|European Case Law Identifier:||ECLI:EP:BA:2011:T070209.20110215|
|Date of decision:||15 February 2011|
|Case number:||T 0702/09|
|IPC class:||F16C 33/12|
|Language of proceedings:||EN|
|Download and more information:||
|Title of application:||Sliding bearing|
|Applicant name:||Taiho Kogyo Co. Ltd|
|Opponent name:||Federal-Modul Wiesbaden GmbH|
|Relevant legal provisions:||
|Keywords:||Sufficiency of disclosure (no)|
Summary of Facts and Submissions
I. By its decision posted on 20 January 2009 the opposition division revoked European patent No. 709 587 on the ground of insufficiency of disclosure (Article 100(b) EPC).
II. The appellant (patent proprietor) lodged an appeal against this decision on 27 March 2009, paying the appeal fee on the same day. The statement setting out the grounds for appeal was filed on 27 May 2009.
III. Oral proceedings before the board of appeal were held on 15 February 2011.
The appellant requested that the decision under appeal be set aside and that the patent be maintained in amended form according to the main request or, in the alternative, the first or second auxiliary request, all requests filed with letter of 14 January 2011.
The respondent requested that the appeal be dismissed.
IV. Claim 1 of the main request reads as follows:
"A sliding bearing having a plurality of annular projections (1a) formed to a given height denoted by H around a sliding surface (1A) and having a roughness over the sliding surface (1A) and over the surface of the annular projections (1a) of thickness denoted by h, characterised in that the parameters H and h are related by the following inequalities:
h <= 0.25 H + 0.5
2 <= H <= 10
where h and H are measured in units of mym, and the annular projections (1a) are spaced apart axially at a given pitch (P)."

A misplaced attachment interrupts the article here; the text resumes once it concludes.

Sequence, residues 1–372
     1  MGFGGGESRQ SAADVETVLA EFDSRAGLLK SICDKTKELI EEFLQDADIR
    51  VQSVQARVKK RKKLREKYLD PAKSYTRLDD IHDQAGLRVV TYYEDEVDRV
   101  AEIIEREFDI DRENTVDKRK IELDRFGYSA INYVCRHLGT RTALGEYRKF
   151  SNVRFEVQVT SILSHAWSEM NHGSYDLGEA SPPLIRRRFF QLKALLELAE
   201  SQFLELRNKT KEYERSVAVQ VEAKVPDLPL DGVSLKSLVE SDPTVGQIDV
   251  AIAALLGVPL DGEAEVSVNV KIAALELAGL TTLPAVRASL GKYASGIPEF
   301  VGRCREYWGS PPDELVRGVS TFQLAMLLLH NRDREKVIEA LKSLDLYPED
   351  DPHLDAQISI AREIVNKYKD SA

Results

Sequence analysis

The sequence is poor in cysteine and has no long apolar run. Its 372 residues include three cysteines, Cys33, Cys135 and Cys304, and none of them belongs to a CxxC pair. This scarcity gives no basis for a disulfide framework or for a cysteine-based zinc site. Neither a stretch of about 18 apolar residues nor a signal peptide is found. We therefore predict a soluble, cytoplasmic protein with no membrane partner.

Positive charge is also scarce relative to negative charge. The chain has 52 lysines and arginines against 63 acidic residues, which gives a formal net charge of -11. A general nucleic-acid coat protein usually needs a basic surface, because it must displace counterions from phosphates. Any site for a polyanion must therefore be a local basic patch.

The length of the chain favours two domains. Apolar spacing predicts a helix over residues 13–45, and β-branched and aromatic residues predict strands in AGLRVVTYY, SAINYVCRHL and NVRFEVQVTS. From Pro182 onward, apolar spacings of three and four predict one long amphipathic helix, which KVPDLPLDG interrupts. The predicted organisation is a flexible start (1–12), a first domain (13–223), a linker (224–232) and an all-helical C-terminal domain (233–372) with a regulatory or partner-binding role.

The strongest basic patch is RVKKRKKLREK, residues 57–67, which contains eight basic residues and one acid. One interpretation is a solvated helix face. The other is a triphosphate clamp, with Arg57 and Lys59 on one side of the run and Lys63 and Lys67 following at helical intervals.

The inequalities according to claim 1 of the main request which depend on h and H are also contained in claim 1 of the first and second auxiliary requests.
V. The following documents are relevant for the present decision:
D22: Mummery, L.: "Surface Texture Analysis - The Handbook"; Hommelwerke GmbH, 7730 VS-Mühlhausen, first revision 1992, pages IV-V and 10-49;
D28: Surface profiles (pages 1/3 to 3/3) measured by a Surfcorder SE-3400 and submitted by fax on 27 May 2009; and
D29: Declaration of Masao Takahashi, dated 7 January 2011.
VI. The arguments of the appellant can be summarised essentially as follows:
Declaration of Masao Takahashi (D29)
Mr. Takahashi was not only an employee of the appellant and one of the inventors of the patent in suit but also an expert in the field of the patent. Therefore, his declaration was evidence of the common general knowledge of the person skilled in the art to be considered for the issue of sufficiency of disclosure.
Since Mr. Takahashi had been consulted as a reaction to the comments in the preliminary opinion issued by the board of appeal in preparation for the oral proceedings, his declaration could not have been filed at an earlier stage. Therefore, it had to be admitted into the proceedings.
Sufficiency of disclosure
It was true that the procedure for determining h and H described in D29 was completely different from what had been argued in the statement of grounds for appeal. However, the sufficiency of the disclosure of a patent was not to be assessed on the basis of the subjective view of the parties but on the basis of the objective common knowledge of the person skilled in the art. Therefore, the procedure described in D29 was the correct one, which would have been followed by the person skilled in the art reading the patent.
The bearing of the invention had axially spaced annular projections, whose pitch P could be identified easily by eye. On this basis the raw surface profile could be filtered by well-established techniques used for filtering out the waviness of a surface. The filtering provided a gentle waveform of amplitude H which corresponded to the annular projections. The profile of the surface roughness was obtained by subtracting this gentle waveform from the raw surface profile. The surface roughness h was then derived from said profile of the surface roughness. Since the patent had no interest in freak values or noise overshoot it was clear that h could only be an average value of the roughness. Moreover, it was apparent from Figure 2 of the patent that the parameter h used to characterise this roughness could not be represented by the standard parameter Ra. Therefore, it could only be the standard parameter Rz(DIN).